7 Steps for a Safer Swim

Stephanie Specht's picture
By Stephanie Specht on June 1, 2016

Drowning is one of the leading causes of injury related deaths among children between the ages of 1 to 4 years old. Every year, about 490 children under the age of 4 drown in pools and spas and thousands more are hospitalized.

However, according to Jill Lucas-Drakeford, a Carilion Clinic community health educator and the coordinator for Safe Kids Southwest Virginia, these deaths can be prevented if you practice pool safety. Take a look at these seven steps for a safer swim.

Step 1: Supervise

Anytime your child is around a pool, spa or any source of water, close supervision is your best protection against drowning. Always stay within arm’s reach of your child, and no matter what kind of pool, lifeguards or not, a designated adult must watch the kids.

If you are at the pool with a group of adults, Lucas-Drakeford suggested sharing the responsibility and taking turns being the water watcher. A water watcher is a designated adult whose singular focus is supervising the children when they are in the water.

When you are the water watcher, do the following:

  • Move your chair near the edge of the pool
  • Do a regular head count
  • Step in if there is too much horsing around
  • Do not make phone calls, respond to texts or chat with friends during your time as the water watcher 

Step 2: Learn CPR

Not all pools have a lifeguard on duty so it essential that you know CPR. It could save your child’s life. In addition, even if emergency medical services (EMS) are on the way, Lucas-Drakeford explained that starting CPR on a child before EMS arrives greatly increases the chance of recovery.

Get certified at your local Red Cross chapter and be sure to take a refresher course every year. In conjunction with knowing CPR, always have a phone nearby and know how to use the pool rescue equipment. 

Step 3: Sign Up for Swim Lessons

Knowing how to swim does not prevent drowning, but enrolling your child in formal swim lessons will greatly decrease her risk. And if you cannot swim, sign yourself up as well.

“Drownings and close calls are eight times more likely to happen to kids,” Lucas-Drakeford said. “And this is also true when a child is being supervised by an adult who can’t swim.”

To find out if your child is ready for swim lessons, talk to your pediatrician or health care provider. Lessons are usually offered at local YMCAs or community pools. Make sure the lessons include water safety skills that are appropriate for your child.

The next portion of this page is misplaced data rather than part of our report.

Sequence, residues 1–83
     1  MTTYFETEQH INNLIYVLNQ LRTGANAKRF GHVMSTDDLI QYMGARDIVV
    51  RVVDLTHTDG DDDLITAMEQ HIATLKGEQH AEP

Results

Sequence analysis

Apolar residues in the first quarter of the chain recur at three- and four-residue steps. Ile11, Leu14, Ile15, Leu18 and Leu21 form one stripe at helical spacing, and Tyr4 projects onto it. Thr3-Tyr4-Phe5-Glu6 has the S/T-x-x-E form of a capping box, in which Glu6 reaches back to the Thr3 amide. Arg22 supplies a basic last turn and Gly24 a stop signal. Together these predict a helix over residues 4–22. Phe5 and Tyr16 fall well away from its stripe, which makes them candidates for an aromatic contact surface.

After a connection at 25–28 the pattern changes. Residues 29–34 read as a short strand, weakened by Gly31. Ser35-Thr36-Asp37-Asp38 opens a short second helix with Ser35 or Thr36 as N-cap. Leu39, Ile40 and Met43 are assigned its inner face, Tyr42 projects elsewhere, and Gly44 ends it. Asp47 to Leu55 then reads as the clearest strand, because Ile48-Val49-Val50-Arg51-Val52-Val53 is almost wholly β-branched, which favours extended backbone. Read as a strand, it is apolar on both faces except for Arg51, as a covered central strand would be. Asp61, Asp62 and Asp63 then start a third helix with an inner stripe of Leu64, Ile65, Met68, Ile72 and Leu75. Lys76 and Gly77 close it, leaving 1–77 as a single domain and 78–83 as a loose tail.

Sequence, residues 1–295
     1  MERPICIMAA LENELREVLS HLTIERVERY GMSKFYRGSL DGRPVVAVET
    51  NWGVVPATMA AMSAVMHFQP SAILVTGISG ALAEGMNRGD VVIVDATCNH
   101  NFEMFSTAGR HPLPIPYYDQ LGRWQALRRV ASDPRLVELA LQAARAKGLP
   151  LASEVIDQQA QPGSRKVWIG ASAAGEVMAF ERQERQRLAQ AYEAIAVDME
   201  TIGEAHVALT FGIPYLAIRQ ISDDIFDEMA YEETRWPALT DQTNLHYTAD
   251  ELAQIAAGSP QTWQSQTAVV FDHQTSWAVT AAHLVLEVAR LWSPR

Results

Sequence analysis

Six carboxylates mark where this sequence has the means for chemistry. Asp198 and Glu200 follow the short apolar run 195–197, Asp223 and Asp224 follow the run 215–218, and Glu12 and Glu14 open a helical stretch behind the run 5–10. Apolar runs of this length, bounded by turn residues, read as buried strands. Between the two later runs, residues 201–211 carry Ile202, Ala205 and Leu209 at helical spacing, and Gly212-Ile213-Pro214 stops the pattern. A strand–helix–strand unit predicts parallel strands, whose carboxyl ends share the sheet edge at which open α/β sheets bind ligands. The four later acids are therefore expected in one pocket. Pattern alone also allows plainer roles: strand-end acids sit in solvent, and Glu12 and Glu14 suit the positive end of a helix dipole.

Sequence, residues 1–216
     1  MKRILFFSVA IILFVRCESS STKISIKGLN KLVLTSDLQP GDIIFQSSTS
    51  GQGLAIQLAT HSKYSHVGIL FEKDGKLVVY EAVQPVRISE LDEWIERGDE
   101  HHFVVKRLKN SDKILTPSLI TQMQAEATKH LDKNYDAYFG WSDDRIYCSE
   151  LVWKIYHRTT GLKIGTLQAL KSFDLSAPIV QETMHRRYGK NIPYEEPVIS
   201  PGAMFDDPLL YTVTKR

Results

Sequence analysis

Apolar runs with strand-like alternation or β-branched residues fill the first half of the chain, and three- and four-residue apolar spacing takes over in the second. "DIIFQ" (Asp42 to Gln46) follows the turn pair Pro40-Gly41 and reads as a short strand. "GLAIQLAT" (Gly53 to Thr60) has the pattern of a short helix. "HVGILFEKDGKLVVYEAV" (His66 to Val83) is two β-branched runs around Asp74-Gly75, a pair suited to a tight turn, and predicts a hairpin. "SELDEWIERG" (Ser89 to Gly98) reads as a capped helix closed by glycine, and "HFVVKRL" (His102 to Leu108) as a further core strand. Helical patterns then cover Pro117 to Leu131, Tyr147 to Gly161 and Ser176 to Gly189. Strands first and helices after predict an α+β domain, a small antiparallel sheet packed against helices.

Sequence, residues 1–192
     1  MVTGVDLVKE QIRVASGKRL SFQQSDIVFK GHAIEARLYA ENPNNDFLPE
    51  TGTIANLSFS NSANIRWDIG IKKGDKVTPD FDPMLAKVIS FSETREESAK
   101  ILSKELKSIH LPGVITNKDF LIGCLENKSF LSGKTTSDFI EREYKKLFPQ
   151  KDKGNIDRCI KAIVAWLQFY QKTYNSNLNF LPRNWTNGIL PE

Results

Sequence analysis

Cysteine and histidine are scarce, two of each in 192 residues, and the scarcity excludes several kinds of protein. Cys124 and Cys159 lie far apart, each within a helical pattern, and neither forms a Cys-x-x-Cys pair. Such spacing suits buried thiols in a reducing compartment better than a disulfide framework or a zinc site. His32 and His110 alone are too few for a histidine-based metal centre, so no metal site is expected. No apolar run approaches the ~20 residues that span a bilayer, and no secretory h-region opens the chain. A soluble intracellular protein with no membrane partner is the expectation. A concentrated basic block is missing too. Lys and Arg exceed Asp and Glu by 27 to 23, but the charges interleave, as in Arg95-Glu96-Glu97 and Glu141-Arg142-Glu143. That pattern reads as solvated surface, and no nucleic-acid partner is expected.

Step 4: Install Safety Drain Covers

State law requires that all public pools and spas have compliant drain covers that prevent suction entrapments. If you have a private pool, check to make sure you have the latest safety drain covers installed. Safety drain covers prevent swimsuit straps, jewelry and hair from getting entangled and are shaped to prevent suction from trapping a person.

“Even though safety drain covers are designed to prevent entanglement or entrapment, teach your child to stay away from drains, as well as other pool equipment such as skimmers, pipe and vacuum lines or any equipment that could pose a danger,” Lucas-Drakeford said.

Step 5: Set Up Alarms

Alarms add another barrier of protection in and around the pool and can alert you to an emergency before it is too late.

“A child can slip into a pool without a sound or a splash, and in less than two minutes underwater can lose consciousness,” Lucas-Drakeford explained.

Alarms should be installed on any doors, windows or gates leading out to the pool area, and surface wave or under water alarms should be placed in the pool. There are even alarms that your child can wear.

Step 6: Install Fencing

A pool fence is an absolute necessity for pool safety. When installed and used correctly, pool fences not only keep your child out of the pool area, but any neighborhood children as well.

The fence should enclose the entire pool and meet the following guidelines:

  • Self-closing and self-latching gates
  • A latch release knob that cannot be reached by children
  • At least 4 feet high, ideally 5 feet
  • Impossible to climb

“If your house serves as the fourth wall of a fence, install door alarms on any entrances leading to the pool area and install an alarm in the pool itself,” Lucas-Drakeford added.

Step 7: Secure

Pool and Spa Covers Deterrents such as covers are essential to keep children out of the pool when you are not around. Make sure they are properly installed and keep them in good working order all year long.

“Install a cover that has been tested to meet industry safety standards and is strong enough to hold a child or children,” Lucas-Drakeford noted. “But, make sure you also teach your child to stay away from all pool covers.”

If you have a spa, always keep it covered and locked. And inflatable pools are no exception. Their flexible and low sides make it easy for children to climb into them. According to the U.S. Consumer Product Safety Commission, an average of 12 children under age 10 die in inflatable pools each year. And don’t forget about ladders on above ground pools; remove them when the pool is not in use.

By following all seven pool safety tips, you will ensure that the entire family has a fun and safe summer.